Interview with Feeder

It’s the mid-90s. Teenagers are teetering nervously on the precipice of Britpop’s musical fence – Blur or Oasis? Individual sweat beads running down their heads are staking their independent allegiance to the differing bands. It was a faddy genre; skip forward a good fifteen years, and while Oasis have combusted, there’s one name that eschewed that trend in favour of honest-to-goodness rock music, who can still proudly trade on that same name now – Feeder. The Welsh three-piece placed their stock in the unmovable tenements of rock, giving us ‘Buck Rogers’, ‘Come Back Around’, ‘Just the Way I’m Feeling’ and a catalogue more. After their invigorating side project, Renegades, which resulted in the album of the same name last year, they’re just as prolific as ever, as we find out when we catch up with Grant Nicholas…

I’m a fellow Welsh citizen, although I’ve lost my accent –
- I have as well; I’ve been in London too long!

People doubt you don’t they…
Yeah, they do yeah, but mine comes back a bit when I’ve had a few drinks. I’ve never really had a strong accent anyway ‘cause I was born in Newport, just over the border in South Wales. It’s kind of a weird accent anyway, because a Newport accent’s different to the Cardiff one, then you’ve got areas nearby, just like 10 miles away that sound almost West Country, so there’s a load of weird accents there anyway. 

Well I’m a North Wales girl –
- Oh, a bit more Welsh speaking then. 

You must have been pleased with the result over the weekend with the rugby.
Oh yeah, fantastic, what an amazing result for Wales. It was fantastic really; good timing – great timing for us as well with the new album coming out! Hopefully the welsh fans will be in good spirits!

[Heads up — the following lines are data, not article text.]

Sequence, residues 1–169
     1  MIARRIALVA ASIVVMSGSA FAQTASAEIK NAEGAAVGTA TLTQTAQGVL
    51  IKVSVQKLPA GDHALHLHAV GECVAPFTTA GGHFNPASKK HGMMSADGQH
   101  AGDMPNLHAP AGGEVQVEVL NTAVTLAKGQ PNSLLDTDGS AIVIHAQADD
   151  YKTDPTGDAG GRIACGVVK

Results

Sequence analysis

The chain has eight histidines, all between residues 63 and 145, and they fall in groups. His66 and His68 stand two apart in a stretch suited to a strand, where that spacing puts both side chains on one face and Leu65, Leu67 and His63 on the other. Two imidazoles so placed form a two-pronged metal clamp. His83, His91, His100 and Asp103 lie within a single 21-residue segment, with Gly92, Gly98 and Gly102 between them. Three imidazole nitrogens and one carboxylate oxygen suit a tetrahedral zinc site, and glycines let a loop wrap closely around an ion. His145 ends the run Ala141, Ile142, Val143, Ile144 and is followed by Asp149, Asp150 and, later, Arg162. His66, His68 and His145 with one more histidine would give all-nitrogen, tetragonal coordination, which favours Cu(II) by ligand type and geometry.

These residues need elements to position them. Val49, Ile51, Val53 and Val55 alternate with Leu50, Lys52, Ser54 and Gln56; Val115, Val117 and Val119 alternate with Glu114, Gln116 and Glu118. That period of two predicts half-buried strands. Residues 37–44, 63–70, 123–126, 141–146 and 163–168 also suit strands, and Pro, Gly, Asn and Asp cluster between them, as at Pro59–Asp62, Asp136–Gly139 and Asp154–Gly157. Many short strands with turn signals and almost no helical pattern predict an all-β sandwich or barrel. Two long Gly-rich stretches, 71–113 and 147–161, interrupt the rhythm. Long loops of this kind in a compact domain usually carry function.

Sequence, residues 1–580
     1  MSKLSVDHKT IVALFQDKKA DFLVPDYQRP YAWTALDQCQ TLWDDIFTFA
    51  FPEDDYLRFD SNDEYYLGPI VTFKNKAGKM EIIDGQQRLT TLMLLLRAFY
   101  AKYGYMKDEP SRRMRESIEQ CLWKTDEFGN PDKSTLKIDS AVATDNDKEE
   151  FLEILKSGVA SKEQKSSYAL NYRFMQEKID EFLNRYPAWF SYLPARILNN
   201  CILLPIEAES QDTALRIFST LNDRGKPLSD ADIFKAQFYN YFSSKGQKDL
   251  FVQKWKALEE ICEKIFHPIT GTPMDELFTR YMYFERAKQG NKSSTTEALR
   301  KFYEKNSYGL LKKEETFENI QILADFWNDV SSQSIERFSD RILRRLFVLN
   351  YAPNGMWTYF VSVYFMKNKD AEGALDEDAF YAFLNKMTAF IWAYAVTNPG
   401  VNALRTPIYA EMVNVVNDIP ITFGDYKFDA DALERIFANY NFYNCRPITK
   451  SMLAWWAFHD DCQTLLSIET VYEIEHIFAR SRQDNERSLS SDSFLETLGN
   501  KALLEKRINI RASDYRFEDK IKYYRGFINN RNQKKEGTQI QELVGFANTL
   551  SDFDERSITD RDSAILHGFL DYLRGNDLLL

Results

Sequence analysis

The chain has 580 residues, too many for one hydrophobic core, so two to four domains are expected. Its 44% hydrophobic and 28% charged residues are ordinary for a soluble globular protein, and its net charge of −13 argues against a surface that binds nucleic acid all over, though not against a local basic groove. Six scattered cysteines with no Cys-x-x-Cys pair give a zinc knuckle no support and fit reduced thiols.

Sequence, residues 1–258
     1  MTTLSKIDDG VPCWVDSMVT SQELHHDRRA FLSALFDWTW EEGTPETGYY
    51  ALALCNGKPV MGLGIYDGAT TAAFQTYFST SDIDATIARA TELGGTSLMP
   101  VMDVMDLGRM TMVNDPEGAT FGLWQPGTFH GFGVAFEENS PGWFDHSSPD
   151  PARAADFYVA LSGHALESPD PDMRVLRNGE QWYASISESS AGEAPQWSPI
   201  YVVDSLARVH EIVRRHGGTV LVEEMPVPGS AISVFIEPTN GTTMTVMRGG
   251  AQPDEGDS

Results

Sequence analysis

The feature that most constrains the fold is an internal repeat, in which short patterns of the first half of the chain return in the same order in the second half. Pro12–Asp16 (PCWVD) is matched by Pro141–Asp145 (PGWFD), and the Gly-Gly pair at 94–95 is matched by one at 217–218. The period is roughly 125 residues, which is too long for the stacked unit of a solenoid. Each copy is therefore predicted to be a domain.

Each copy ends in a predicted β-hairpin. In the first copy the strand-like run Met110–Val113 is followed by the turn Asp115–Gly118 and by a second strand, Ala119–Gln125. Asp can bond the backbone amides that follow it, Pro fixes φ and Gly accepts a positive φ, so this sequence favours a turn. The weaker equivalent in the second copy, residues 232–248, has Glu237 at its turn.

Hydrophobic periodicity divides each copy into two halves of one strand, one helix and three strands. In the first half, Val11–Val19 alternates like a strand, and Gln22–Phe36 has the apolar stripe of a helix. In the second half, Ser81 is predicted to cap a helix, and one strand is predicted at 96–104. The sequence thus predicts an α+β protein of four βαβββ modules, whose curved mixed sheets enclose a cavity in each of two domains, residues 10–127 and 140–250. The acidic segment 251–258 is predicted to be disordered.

Absolutely, well our two national sports seem to be rugby and singing, so we’re covering both bases there!
Yeah, exactly; I don’t cover many sports, but I’m a big rugby fan. I used to play rugby at school and it’s the one sport I follow a bit. I’ve lost track of football really, I only watch the big games, but rugby I love. 

It’s in the blood really, isn’t it?
It is, it is, I know. Everyone’s football mad here and rugby… mind you, saying that, rugby has become so much more popular over the last few years it seems. 

Yeah, and lucky for us we’ve got a team to shout about at the right time.
We’ve got a great team to shout about, and a young team too.

You see I’ve had to talk to you about this Grant, because I’m a welsh girl in Norwich and nobody cares! This is the first opportunity I’ve had to share the joy!
Aw, that’s nice! 

Anyway, back to the music! You’re coming to Norwich next month as part of a few dates…
Yeah, to the Waterfront; we haven’t played there for many years. 

It’s a really intimate venue, The Waterfront, and you guys produce arena-filling songs – what was the reason for selecting a few of these smaller places?
Well basically these dates are just small – we did four shows about two months ago now, just trying out some new songs off the new record, seeing how they went down and letting people know we’ve got a new record out. We don’t take things for granted with the fact that we have been around and done big gigs, we still like to excite our fans and get new people to the gigs to hear our music and I think the best way to do that is to play the smaller venues and then move on to the bigger ones. So these are almost like showcase kind of gigs; there’s no production, we’re using all in-house stuff and the set’s about two thirds new songs and then maybe a third old stuff, just so people don’t get confused. We did four shows and I think the biggest was about 1500, and the smallest was about 700-800 from the first batch, and they went so well and we had such good fun that we decided to do four more. So it’s not really part of a tour, it’s just about going back to small venues and letting people hear our new music.